Perry ties illegal immigration to Texas DA killing
Perry maintains administration hasn't done enough to secure border
Texas Gov. Rick Perry drew parallels on Wednesday between the recent killing of a Texas district attorney and the security of his state's border with Mexico, though he provided no evidence to support the claim.
Perry, a candidate for the 2012 GOP presidential nomination, maintains the Obama administration has not put enough boots on the ground to secure the border.
Asked about theories that influential prison gang the Aryan Brotherhood of Texas was involved in that killing and another in January, Perry responded on Fox News, "I think it's obviously too early to be speculating on whether there is any direct contact but I think it's wise for us to not overlook any evidence that either may be superficial or otherwise.
"So they are here, they are active in this state. We know the drug cartels are very, very active in our country now," he continued.
Perry then said the issue "goes back ... to the whole issue of border security," specifically citing "the failure of the federal government to put the men and women, whether they are military or whether they are border patrol or whether they're working with the local law enforcement ... spend the dollars necessary to secure the border with Mexico."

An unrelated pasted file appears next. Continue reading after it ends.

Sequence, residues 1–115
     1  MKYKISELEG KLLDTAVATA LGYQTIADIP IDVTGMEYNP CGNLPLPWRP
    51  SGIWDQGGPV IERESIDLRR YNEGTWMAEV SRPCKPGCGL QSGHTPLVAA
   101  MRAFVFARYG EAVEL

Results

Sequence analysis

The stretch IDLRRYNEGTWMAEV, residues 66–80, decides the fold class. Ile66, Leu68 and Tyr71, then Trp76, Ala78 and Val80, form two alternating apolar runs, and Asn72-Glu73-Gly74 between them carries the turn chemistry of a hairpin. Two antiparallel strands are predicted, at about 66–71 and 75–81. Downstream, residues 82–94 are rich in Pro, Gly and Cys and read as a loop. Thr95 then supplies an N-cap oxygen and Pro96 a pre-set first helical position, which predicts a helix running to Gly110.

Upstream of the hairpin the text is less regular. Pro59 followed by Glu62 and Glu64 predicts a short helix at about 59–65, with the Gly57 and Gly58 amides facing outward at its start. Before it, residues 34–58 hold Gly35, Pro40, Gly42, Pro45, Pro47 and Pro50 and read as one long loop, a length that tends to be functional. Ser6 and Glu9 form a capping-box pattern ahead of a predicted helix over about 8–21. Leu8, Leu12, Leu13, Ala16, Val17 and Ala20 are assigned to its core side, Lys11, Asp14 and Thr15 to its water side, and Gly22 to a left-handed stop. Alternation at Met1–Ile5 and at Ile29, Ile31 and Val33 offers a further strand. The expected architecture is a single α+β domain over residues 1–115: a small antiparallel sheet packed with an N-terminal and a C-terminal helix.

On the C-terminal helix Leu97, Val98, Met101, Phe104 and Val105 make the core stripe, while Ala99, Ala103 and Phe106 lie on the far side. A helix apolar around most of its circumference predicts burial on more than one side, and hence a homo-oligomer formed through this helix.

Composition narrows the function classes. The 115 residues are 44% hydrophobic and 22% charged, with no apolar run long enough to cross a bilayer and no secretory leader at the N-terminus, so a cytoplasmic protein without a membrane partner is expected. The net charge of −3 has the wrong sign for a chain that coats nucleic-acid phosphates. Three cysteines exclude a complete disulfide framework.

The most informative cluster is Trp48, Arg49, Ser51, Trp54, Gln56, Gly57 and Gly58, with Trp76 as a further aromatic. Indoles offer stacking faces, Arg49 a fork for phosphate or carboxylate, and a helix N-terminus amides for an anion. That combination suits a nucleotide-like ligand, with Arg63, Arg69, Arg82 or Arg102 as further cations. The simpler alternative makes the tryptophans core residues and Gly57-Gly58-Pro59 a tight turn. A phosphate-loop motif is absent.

The Southern Poverty Law Center, which monitors extremist groups, and the FBI say the brotherhood is a white supremacist criminal group whose activities involve murder, extortion and drug trafficking.
Perry said in the show that securing the border will "make sure that these individuals who are having rather free access at this particular point in time and whether it's taking money and guns into Mexico or drugs coming back and prostitution and sex trade back in to the United States."
"You secure the border and it makes it harder for these individuals to have access into this country as well as it addresses this issue that's hanging out on immigration," he said.
On Capitol Hill, lawmakers are currently negotiating a comprehensive immigration package.
Meanwhile in Kaufman County, Texas, authorities are investigating the March 30 killing of Mike and Cynthia McLelland, a district attorney and his wife, as well as any connections to the Jan. 31 killing of prosecutor Mark Hasse.
The involvement of white supremacist groups are among many avenues the investigators are pursuing, according to reports.
"Unfortunately we live in a very dangerous world, whether it's in North Korea or whether it's right here in the state of Texas," Perry said.
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